Top achiever goes ‘non-traditional’July 17, 2020
The top performing male graduate at Brandon Hill Primary School in Clarendon, Malekhi McKenzie, selected a non-traditional high school as his first choice because it is the closest secondary school to his home – by far.
He is confident that he will continue to attain academic feats with less hassle travelling, and with less expenses – especially regarding fares.
Malekhi’s new school, Kellits High, is walking distance away from his home. He can also use a taxi costing $100.
That’s not a bad deal financially for a child who readily admits that he is no stranger to poverty.
“Kellits High is a school in my community. I come from a poor family, and I made up my mind that no matter which school it is that I attend I know only my best is good enough,” he said in written responses to questions posed.
Malekhi was awarded his first choice of secondary school mainly due to his impressive performance in the Primary Exit Profile (PEP).
“I am very satisfied with my results although I did not have all the text books required for exam preparation,” he explained.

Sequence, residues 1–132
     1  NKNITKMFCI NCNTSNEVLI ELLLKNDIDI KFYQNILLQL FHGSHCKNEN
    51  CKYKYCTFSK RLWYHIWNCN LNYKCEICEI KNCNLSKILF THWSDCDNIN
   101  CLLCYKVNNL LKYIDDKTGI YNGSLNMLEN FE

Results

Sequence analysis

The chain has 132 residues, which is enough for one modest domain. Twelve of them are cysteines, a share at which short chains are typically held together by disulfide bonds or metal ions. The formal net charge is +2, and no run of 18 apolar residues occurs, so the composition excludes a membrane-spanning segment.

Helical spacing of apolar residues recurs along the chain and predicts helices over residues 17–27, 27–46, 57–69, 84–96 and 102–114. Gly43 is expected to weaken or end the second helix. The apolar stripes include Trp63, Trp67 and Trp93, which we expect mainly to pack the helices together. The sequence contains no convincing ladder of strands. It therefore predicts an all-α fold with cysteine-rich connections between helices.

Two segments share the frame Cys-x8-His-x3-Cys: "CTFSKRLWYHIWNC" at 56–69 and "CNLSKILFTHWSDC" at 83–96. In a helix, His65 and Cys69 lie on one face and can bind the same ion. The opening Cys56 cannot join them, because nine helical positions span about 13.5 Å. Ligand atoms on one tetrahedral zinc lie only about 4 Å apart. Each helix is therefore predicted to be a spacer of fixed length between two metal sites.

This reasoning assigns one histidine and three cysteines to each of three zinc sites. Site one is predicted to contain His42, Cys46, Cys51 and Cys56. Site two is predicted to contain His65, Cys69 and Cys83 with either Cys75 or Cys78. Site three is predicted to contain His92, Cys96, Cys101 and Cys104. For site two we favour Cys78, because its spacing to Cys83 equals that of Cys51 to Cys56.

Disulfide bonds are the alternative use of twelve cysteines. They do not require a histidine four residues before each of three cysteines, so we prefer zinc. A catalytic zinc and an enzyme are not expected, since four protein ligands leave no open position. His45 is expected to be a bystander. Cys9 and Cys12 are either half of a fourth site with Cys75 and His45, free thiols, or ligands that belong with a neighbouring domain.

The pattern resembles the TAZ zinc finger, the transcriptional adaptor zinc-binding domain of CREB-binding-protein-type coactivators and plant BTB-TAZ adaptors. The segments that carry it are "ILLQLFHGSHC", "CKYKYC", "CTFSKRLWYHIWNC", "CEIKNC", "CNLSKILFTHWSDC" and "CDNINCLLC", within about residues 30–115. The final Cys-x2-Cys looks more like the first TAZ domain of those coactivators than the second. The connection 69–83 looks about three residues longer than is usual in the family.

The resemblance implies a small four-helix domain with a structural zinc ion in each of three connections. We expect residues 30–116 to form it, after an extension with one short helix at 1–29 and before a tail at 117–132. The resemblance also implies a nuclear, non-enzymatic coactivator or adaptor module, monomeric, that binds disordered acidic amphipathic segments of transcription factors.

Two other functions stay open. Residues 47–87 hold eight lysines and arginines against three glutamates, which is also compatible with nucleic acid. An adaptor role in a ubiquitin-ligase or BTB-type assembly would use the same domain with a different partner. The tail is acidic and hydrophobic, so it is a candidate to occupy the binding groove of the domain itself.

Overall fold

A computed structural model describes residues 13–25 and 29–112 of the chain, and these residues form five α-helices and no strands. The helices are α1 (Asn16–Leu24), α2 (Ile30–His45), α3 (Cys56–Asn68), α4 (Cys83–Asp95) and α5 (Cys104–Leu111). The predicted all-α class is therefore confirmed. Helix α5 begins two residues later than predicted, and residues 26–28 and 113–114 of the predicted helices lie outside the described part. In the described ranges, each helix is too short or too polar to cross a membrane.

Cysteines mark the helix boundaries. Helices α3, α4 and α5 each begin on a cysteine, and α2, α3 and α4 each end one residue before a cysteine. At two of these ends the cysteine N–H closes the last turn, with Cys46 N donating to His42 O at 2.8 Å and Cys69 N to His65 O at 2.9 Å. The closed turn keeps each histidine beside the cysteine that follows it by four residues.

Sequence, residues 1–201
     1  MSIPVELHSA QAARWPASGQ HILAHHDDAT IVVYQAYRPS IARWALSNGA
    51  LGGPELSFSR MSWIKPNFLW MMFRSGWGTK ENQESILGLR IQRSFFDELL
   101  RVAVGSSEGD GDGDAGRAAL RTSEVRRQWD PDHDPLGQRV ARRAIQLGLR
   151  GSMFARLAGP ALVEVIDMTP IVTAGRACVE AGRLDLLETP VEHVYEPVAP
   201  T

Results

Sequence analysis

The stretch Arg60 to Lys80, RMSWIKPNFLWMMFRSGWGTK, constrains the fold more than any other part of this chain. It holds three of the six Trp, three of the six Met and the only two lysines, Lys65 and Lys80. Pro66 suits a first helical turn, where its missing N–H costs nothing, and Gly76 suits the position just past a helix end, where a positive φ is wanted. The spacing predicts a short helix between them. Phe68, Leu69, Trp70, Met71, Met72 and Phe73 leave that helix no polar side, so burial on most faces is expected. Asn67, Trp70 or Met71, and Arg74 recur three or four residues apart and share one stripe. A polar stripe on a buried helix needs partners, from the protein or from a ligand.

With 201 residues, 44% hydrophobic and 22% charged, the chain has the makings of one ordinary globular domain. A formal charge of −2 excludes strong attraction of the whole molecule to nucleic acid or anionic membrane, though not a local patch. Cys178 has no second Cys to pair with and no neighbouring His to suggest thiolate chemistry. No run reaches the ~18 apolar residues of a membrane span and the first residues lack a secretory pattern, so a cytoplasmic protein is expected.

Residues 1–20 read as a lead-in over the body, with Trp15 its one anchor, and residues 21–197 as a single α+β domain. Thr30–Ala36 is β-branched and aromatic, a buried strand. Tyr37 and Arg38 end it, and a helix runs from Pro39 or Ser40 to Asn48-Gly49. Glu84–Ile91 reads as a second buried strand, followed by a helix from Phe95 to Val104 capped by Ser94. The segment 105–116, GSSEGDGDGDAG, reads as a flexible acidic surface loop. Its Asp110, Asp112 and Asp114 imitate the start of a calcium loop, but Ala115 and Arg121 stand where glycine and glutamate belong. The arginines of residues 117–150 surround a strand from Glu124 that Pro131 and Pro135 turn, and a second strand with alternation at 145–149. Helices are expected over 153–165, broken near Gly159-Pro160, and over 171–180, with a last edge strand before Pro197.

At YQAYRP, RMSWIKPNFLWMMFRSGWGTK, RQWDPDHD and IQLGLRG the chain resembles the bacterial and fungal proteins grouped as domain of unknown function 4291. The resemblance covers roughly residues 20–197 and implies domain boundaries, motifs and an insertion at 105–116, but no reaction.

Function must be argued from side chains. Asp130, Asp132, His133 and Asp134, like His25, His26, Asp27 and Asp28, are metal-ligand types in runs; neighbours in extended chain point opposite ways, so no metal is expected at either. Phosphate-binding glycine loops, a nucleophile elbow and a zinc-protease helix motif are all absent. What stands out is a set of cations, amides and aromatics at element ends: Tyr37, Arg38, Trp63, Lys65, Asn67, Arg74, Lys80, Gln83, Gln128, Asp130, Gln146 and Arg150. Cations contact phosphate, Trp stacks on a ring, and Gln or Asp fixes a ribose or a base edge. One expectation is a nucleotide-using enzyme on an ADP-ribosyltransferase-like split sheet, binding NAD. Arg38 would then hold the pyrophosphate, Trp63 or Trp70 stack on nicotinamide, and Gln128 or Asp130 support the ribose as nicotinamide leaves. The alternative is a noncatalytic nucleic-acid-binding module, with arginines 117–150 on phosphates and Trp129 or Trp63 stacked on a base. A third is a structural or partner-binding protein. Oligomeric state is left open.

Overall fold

“I studied very hard, used my time wisely, listened to my wonderful teachers’ advice, and did my best as my school motto says only the best is good enough. I consider myself to be very lucky to have such wonderful teachers and parents.”
The 12-year-old, who was also Head Boy at Brandon Hill Primary, is working towards becoming a scientist and a medical doctor.
The student’s Grades Four and Six teacher, Lessian Thomas Williamson, said she is not surprised by her top boy’s performance.
She said Malekhi could easily have been placed at a traditional high school if he did not select a non-traditional one as his first choice.
“He has always been a very hard-working boy; he is very attentive. He pays attention in class and, if he is the last one to stay in the classroom, he will stay there until he completes whatever work he is doing,” the teacher added. “I have always known Malekhi to be very focused, and he is a very mannerable child.”
Meanwhile, the young scholar’s parents – Roslyn Easy and Orel McKenzie, are beaming with pride.
“I am speechless and very overwhelmed because my son has made me very proud,” the mother told The Beacon. “I am praying for great success, and hoping for him to do his best and excel for greatness in his education because the sky is the limit. I know that he can do well.”
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